WORK STRESS, WORK SATISFACTION AND COPING AMONG LIFE INSURANCE AGENTS Chan Kwok-Bun The life insurance industry began in England as early as 1756, yet agents as an occupation to sell insurance directly to the public did not appear until 1840, and mostly in the United States (Kessler, 1985, p. 14; Leigh-Bennett, 1936, p. 59). The industry in the United States expanded considerably in the late nineteenth century due to rapid economic growth, urbanisation and popular education; one saw keen competition among companies and agents for the client dollar. Some agents resorted to unfair and sometimes illegal sales tactics that resulted in further public hostility, rejection and distrust of life insurance agents. Such public stigmatisation was recorded in the United States as early as 1870. Zelizer (1983, p. 146) wrote, ‘Illegitimate practices were abolished, codes of ethics were published, professional associations organised and agents better trained. Yet the stigma endured.’ Since its spread to Singapore in 1908 (Neo, 1996, p. 37), the life insurance industry has relied on agents to ‘negotiate the cultural resistance to discussing the proposition of death and its implications, especially among the Chinese’ (Lee, 1994, p. 6; Leong, 1985, p. 178; Neo, 1996, p. 37). Han (1979, p. 44) wrote that ‘everyone needs life assurance, but very few people do anything on their own to buy it’. The agent was thus invented to deal with the public’s rejection of life insurance as a concept and as a commodity. In doing this work, agents were given a share of the proﬁt: commissions (Chua, 1971, p. 42; Neo, 1996, p. 38). Hundreds of workers were lured into the life insurance industry by the attractive prospect of self-employment and its promise of work autonomy and potentially high monetary rewards—a sort of ﬂight away from the wage-earning class. To say that the work of a life insurance agent is stressful is perhaps an understatement. The fact was well documented in a 1990 survey of six groups of 2,589 workers in Singapore, life insurance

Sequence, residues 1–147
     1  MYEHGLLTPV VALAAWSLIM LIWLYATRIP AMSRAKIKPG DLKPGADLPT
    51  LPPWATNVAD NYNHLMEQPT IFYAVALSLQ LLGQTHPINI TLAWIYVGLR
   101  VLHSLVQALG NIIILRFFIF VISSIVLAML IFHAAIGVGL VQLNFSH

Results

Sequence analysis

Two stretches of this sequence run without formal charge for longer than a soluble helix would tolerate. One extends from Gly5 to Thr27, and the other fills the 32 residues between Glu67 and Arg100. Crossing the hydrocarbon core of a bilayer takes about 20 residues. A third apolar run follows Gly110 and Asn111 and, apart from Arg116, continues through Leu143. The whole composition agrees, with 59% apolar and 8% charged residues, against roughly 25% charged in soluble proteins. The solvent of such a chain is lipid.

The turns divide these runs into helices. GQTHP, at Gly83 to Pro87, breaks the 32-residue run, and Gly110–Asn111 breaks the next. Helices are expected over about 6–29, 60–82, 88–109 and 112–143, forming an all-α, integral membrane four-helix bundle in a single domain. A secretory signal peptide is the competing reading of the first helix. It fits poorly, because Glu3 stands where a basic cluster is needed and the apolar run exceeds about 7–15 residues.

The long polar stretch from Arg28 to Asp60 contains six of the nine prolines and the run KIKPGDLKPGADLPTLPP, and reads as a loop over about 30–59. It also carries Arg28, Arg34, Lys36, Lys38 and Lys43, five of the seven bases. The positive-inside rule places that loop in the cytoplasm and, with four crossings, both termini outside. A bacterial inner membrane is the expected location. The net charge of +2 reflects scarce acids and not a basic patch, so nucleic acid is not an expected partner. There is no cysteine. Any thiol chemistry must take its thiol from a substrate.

agents included (see Chapter 10). The survey found two major sources of work stress. One source was performance pressure. The professional workers may have internalised a strong need for job achievement and maintenance of professional standards, which are values often held high by many formal organisations as well as the government. The stress of performance pressure may also be a result of Singapore’s economic growth. As Hing (1991, 1992) suggests in Chapter 3, globalisation of the Singapore economy has driven workers to strive for personal and company success—which may bring considerable stress to the workers. Another important source of work stress was workfamily conﬂicts—a ﬁnding consistent with those of recent overseas studies (Coverman, 1989; Lai, 1995; Simon, 1992; Thoits, 1986). This essay attempts to identify and analyse stressors associated with the work of life insurance agents, as well as coping strategies adopted by the life insurance industry in general and the agents in particular. The study on which this essay is based analysed transcripts of in-depth interviews conducted in 1990 with 15 life insurance agents and subsequently in 1998–1999 with 15 agents and informants. Each interview lasted between one and a half and two hours. The respondents ranged from 23 to 42 years in age; 17 men, 13 women. Only ﬁve of the 30 respondents were university graduates or diploma holders; the rest were graduates of secondary schools, except for three who had completed ‘0’ or ‘A’ Level. Slightly more than half (18) were married. Drafts of this chapter were given to ﬁve other life insurance agents (one retired) to read. One agent provided the researchers with extensive written comments; each of the other four was interviewed twice for feedback on the essay’s various drafts. This research strategy, though laborious and time-consuming, posed critical and reﬂective questions...